Michigan teachers raise classroom pets at home amid pandemic
Scott Kefgen, who works at Harlan Elementary School in Birmingham, is one of those teachers. He houses geckos, turtles, frogs, a gerbil, lobster and about 30 fish.
“The geckos are in the middle of my kitchen floor, my dining room table has the gerbil, and the frogs and the turtles are in this gigantic tank,” Kefgen said.
Teachers are caring for different kinds of animals, not just traditional pets like hamsters and fish, the Detroit Free Press reported.
“I went in to do the dishes and there was a frozen mouse thawing out in a cup of hot water in our kitchen,” said Elizabeth Paddock, whose husband, Jon, teaches ninth-grade biology at Clarkston Junior High School.
The Paddock family is currently keeping three snakes, a turtle, skink and bearded dragon.
Jon Paddock figured he’d take care of the animals for a few weeks. But when the governor announced in April that schools would remain closed, it dawned on the family that it was going to be more work than they originally thought.
“That’s when I finally was able to put calls out to all my students and say, ‘OK, it’s time for people to volunteer to take animals,’ ” he said. He arranged a drop off for students to get the animals without touching one another.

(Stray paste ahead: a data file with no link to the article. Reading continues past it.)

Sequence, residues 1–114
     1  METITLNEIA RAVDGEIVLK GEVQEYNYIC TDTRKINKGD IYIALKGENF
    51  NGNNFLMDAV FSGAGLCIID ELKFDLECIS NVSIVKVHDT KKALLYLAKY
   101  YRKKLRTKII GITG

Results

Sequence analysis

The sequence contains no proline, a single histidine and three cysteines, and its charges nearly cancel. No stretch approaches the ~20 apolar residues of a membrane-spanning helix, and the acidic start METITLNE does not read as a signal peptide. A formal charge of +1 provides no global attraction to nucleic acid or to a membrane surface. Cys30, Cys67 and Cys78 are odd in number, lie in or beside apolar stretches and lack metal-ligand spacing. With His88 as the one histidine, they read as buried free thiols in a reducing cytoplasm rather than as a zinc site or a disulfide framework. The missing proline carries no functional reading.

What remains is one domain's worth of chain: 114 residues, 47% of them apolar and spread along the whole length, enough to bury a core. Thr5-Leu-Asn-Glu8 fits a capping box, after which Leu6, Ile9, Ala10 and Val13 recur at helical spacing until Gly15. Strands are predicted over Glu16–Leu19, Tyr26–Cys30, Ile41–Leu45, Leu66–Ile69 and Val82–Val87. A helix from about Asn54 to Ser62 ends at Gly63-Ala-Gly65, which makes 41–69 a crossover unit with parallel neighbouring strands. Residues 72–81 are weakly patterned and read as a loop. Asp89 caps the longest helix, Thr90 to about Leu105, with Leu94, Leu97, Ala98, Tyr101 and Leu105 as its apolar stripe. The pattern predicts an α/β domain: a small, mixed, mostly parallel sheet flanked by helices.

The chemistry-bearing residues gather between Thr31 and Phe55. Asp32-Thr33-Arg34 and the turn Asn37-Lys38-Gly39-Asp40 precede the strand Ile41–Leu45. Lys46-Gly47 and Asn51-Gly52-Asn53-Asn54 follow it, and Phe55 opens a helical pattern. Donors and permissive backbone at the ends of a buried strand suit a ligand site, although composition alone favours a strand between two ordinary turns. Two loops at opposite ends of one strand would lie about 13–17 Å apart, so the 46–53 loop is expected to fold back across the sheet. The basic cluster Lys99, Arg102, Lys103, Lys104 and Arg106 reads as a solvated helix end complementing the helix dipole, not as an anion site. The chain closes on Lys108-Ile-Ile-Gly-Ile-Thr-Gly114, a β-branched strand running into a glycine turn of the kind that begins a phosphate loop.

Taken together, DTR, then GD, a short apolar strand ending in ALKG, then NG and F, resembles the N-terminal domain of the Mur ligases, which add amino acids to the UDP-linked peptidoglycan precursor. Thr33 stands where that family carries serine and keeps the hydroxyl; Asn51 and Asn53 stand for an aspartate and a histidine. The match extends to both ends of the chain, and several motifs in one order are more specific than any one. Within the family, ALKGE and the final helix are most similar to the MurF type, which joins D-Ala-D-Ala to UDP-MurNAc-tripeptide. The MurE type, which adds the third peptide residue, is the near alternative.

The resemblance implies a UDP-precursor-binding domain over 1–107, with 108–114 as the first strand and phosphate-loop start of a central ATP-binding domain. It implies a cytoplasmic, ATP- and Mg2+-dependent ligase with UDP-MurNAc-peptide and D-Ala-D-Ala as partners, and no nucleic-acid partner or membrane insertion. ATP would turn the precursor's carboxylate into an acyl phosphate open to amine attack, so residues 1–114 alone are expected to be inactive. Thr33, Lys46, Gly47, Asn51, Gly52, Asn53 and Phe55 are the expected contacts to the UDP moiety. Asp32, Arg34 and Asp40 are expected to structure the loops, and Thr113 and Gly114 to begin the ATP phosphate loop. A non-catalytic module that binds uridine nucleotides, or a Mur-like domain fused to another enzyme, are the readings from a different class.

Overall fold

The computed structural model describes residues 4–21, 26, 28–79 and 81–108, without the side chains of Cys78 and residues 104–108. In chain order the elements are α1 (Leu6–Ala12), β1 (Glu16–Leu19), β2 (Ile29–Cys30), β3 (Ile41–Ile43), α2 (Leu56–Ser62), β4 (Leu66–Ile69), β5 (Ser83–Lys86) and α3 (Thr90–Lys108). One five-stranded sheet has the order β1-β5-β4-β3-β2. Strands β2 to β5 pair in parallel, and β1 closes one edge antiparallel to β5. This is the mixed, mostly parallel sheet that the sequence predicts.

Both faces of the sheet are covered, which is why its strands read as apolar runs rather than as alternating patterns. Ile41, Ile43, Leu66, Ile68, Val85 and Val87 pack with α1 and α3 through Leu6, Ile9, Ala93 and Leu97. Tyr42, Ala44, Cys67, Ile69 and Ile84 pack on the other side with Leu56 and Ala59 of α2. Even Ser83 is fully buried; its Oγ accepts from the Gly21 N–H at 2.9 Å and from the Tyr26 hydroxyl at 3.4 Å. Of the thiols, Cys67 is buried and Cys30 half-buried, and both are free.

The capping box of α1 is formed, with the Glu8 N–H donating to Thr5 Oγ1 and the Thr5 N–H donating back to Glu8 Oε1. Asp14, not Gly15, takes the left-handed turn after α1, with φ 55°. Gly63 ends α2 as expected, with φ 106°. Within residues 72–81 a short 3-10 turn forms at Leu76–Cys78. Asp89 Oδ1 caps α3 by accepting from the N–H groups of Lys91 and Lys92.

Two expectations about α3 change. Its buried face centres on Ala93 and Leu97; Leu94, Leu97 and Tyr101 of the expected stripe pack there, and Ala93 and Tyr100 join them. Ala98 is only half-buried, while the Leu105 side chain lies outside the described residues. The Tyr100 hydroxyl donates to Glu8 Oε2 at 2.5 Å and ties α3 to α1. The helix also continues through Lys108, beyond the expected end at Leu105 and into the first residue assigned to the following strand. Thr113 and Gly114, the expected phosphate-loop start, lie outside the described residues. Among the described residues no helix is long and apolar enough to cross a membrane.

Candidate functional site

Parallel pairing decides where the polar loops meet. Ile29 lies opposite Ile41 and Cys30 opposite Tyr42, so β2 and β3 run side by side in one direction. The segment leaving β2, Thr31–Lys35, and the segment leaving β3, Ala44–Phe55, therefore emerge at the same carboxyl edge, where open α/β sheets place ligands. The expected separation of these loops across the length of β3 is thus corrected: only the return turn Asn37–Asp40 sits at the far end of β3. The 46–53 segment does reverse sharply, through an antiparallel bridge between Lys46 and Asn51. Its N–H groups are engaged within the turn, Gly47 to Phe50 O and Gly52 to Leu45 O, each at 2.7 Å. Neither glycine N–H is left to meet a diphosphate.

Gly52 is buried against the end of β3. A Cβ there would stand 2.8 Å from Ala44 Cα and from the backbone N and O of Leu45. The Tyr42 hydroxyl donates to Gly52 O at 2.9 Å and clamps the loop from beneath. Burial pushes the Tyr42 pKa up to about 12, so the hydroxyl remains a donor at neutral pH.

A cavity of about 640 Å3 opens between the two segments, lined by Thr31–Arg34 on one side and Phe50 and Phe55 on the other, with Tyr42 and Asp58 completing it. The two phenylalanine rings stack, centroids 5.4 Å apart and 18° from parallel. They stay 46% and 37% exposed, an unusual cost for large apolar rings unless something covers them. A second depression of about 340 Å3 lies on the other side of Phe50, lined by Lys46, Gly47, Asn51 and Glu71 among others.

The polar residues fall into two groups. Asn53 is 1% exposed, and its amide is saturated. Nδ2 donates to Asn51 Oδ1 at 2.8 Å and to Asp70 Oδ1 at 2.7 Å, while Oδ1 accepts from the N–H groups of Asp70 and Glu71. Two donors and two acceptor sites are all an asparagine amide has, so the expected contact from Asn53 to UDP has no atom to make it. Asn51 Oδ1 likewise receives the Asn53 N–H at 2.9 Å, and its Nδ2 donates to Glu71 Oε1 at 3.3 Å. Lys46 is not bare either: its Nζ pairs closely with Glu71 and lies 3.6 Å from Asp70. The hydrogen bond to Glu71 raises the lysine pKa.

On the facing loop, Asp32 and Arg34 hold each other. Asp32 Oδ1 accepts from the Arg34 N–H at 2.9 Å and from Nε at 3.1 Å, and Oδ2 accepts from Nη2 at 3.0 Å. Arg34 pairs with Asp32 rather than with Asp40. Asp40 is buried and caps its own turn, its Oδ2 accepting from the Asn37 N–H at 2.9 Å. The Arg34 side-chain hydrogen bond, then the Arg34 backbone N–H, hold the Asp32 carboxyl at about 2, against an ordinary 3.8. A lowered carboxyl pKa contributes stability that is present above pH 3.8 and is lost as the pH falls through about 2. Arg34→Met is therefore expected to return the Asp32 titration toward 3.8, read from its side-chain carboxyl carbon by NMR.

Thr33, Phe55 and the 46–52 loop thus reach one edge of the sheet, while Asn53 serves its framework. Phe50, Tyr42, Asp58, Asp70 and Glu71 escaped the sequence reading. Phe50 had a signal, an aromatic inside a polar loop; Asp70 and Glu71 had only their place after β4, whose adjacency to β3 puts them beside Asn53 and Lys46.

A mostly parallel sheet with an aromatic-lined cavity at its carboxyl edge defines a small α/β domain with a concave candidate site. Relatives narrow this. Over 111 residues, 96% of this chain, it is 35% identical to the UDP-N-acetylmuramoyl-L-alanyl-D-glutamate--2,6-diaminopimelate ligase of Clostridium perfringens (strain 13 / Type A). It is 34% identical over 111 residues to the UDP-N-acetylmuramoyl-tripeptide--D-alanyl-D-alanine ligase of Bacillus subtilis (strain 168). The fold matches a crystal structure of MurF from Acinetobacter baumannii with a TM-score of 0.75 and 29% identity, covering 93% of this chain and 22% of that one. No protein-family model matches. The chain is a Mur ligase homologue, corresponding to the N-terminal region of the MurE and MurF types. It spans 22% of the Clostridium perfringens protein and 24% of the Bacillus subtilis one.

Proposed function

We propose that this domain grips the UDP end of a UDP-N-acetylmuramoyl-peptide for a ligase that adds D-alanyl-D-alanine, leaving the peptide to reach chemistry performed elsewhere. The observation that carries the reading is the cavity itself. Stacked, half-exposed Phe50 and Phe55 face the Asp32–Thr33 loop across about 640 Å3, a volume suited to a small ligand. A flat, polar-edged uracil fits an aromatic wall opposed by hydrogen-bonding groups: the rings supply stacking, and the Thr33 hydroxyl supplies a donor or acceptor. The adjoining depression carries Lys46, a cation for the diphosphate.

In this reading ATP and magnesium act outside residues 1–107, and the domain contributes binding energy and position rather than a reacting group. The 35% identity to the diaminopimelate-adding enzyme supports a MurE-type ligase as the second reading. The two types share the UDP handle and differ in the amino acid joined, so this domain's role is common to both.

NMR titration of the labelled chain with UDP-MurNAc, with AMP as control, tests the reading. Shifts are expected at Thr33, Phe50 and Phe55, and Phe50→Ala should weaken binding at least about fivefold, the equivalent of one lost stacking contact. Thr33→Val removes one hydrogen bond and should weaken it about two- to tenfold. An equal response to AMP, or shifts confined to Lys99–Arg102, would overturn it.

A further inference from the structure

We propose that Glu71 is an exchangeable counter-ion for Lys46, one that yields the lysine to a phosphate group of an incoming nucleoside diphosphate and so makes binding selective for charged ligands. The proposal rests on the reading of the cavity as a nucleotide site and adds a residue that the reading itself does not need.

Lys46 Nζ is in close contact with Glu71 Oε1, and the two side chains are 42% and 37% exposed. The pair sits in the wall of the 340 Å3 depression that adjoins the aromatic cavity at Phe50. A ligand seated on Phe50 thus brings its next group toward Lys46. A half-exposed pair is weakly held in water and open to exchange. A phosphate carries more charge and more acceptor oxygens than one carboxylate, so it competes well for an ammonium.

Unfortunately, every pet was not able to be moved to a teacher’s home. But Scott Doty, who teaches biology at Berkley High School, is still taking care of his classroom animals.
Doty has about 30 aquariums in his classroom holding about 300 fish. He couldn’t move them, so he goes to the school to feed them. There is also a bearded dragon, a ball python, a tarantula and a colony of Madagascar hissing cockroaches.
Kefgen was one of many at his school awarded a grant from the Michigan Department of Natural Resources to raise salmon. The fish were supposed to live in the school aquarium until they could be released into the wild on Mother’s Day weekend.
But those plans changed when the shutdown happened. The fish had to be released in March into cold water that reduces their chance to survive, Kefgen said.
“In terms of classroom pets, that was, I think, the most heartbreaking,” Kefgen said. “We had to do an emergency salmon release without the kids.”